The Making of Iraqi Hashd

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Iraq’s Hashd al-Sha’abi or Popular Mobilization Units (PMUs) hold conferences and ceremonies to honor their martyrs as well as military parades to mark the eighth anniversary of the founding of the military force.

The largest military parade so far this year took place in Diyala province with the presence of Iraqi Prime Minister Mustafa al-Khadhimi and PMU Chairman Falih al-Fayadh along with other senior security officials.

During the parade, a number of impressive and advanced locally made military equipment was on display. They included a new drone system.

The idea of ​​a new anti-terrorist organization first circulated within the former government of Nouri al-Maliki. The former prime minister has stressed in several interviews that he fears Daesh terrorists entering Iraq from neighboring Syria, killing border guards and massing in the desert of the western province of Anbar, will soon spread their territorial gain in the country.

The second problem that worried the former government was that the Iraqi army trained by the United States would not be able to deal with the territorial expansion of the terrorist group.

The third area of ​​concern was that Washington was refusing to deliver weapons, especially missiles that Baghdad had paid for and desperately needed to eliminate the terrorists before they advanced.

However, the Obama White House, encouraged by Congress, imposed conditions on the delivery of the weapons. One of those conditions was that Maliki resign. Washington did not like the former prime minister who refused to extend a deal that would have allowed US troops to remain on Iraqi soil beyond 2011.

Many experts say that Washington’s delay in handing over the arms and establishing conditions and pressure on the former prime minister was a deliberate plan by the Pentagon to use the presence of Daesh as a pretext to send its troops back to the Arab country, which American troops eventually did and remain in Iraq to this day despite deep resentment of their presence.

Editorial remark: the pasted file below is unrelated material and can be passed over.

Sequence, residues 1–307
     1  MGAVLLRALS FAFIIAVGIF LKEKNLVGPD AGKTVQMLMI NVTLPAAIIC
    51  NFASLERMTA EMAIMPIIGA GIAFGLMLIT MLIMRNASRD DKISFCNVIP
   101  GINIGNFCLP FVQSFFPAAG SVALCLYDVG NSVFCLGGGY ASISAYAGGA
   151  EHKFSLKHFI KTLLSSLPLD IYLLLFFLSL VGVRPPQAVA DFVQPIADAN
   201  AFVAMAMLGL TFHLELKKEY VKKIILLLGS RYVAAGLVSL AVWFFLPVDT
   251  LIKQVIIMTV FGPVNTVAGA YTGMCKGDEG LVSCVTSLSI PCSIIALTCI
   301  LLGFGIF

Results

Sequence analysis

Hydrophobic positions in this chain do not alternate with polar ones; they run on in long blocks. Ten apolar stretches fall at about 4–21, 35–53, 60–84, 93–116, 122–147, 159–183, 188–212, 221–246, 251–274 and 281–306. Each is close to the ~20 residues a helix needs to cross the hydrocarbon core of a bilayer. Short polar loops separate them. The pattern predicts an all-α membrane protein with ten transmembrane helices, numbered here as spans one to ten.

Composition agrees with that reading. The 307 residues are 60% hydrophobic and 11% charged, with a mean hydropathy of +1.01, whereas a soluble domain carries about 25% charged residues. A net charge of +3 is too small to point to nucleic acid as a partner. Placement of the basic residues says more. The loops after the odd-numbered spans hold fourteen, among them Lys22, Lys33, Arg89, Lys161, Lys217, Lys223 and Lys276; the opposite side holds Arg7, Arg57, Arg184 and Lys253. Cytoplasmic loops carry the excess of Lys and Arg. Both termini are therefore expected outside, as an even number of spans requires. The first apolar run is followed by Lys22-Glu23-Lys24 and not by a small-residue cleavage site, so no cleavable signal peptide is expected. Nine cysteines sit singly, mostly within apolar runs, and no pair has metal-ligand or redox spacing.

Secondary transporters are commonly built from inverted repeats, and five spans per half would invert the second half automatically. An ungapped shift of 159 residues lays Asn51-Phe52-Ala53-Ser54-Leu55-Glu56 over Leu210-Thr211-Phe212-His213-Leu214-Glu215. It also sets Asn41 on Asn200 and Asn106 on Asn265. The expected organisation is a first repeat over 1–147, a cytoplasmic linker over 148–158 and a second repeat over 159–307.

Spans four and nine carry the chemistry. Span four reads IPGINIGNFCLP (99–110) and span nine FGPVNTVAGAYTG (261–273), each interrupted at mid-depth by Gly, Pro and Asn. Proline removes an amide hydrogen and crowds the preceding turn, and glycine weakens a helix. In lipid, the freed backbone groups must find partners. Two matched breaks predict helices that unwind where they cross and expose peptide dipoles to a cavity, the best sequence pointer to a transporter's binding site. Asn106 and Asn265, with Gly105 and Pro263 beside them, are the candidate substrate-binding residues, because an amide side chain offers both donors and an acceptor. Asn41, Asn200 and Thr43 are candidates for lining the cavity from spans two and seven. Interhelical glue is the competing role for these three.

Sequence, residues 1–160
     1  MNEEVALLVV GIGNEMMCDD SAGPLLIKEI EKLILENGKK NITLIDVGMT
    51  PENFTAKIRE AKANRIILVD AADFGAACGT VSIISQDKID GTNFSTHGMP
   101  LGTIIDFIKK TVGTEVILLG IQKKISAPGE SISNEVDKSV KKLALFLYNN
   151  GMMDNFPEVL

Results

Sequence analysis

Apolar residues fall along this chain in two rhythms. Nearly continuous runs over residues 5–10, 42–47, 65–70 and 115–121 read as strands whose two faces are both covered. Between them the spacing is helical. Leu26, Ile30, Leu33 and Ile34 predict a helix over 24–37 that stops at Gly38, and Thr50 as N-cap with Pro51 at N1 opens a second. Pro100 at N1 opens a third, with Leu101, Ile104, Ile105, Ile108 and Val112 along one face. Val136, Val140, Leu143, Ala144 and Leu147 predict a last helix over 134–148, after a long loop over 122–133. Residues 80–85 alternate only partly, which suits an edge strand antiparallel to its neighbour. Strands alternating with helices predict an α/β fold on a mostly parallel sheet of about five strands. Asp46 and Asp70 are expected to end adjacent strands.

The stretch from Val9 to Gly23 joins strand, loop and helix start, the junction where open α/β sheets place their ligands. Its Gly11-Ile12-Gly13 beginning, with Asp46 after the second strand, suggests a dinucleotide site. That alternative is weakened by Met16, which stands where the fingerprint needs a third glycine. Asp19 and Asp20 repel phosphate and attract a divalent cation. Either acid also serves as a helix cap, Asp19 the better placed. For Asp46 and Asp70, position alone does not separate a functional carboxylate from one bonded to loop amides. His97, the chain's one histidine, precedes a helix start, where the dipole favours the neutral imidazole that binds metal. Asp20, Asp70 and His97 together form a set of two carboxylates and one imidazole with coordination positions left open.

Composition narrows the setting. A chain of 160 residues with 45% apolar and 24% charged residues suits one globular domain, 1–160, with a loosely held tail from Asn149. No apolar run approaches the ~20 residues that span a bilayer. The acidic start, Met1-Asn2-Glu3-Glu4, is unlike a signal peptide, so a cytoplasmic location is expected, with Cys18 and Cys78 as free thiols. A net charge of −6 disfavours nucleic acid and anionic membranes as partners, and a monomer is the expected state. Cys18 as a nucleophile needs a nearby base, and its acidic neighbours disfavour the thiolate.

As Maliki was forced to cede power in 2014, Daesh took control of many regions of Iraq, including entire cities and provinces where the US-trained Iraqi army collapsed.

But the idea of ​​forming an anti-terror force received a huge boost in the form of a fatwa (Islamic rule) from Grand Ayatollah Ali al-Sistani, the country’s highest religious authority.

The representative of Ayatollah al-Sistani read the fatwa of the holy city of Karbala, which called on Iraqi men – able to bear arms – to volunteer in the fight against Daesh.

The Fatwa for Jihad in Islam can only
be used when a nation and people are under attack. There are strict laws on the rules of Jihad for example it is forbidden to cut down a tree unlike Daesh terrorists who behead their prisoners of war.

Over the next few days and weeks, approximately three million people signed up to volunteer. Another important man entered the scene by the name of Abu Mehdi al-Muhandis.

The experienced and veteran Iraqi commander fought the regime of former Iraqi dictator Saddam Hussein and played a crucial role in building the approximately 40 units of what would soon become Iraq’s Hashd al-Sha’abi or popular mobilization.

Abu Mehdi al-Muhandis had the charisma, leadership qualities and
was credited with making PMU a reflection of Iraqi society.

With the help of other high-ranking Iraqi military officials, al-Muhandis ensured that the new force would include a Christian brigade and Sunni brigades and would coordinate the battle against Daesh side by side with Kurdish peshmerga forces.

The PMU now had the men it needed and the system was in place, but one thing was missing; training and weapons. This is where Lieutenant General Qassem Soleimani, who led the Al-Quds Force of Iran’s Islamic Revolutionary Guard Corps, and a team of Iranian military advisers came into the picture.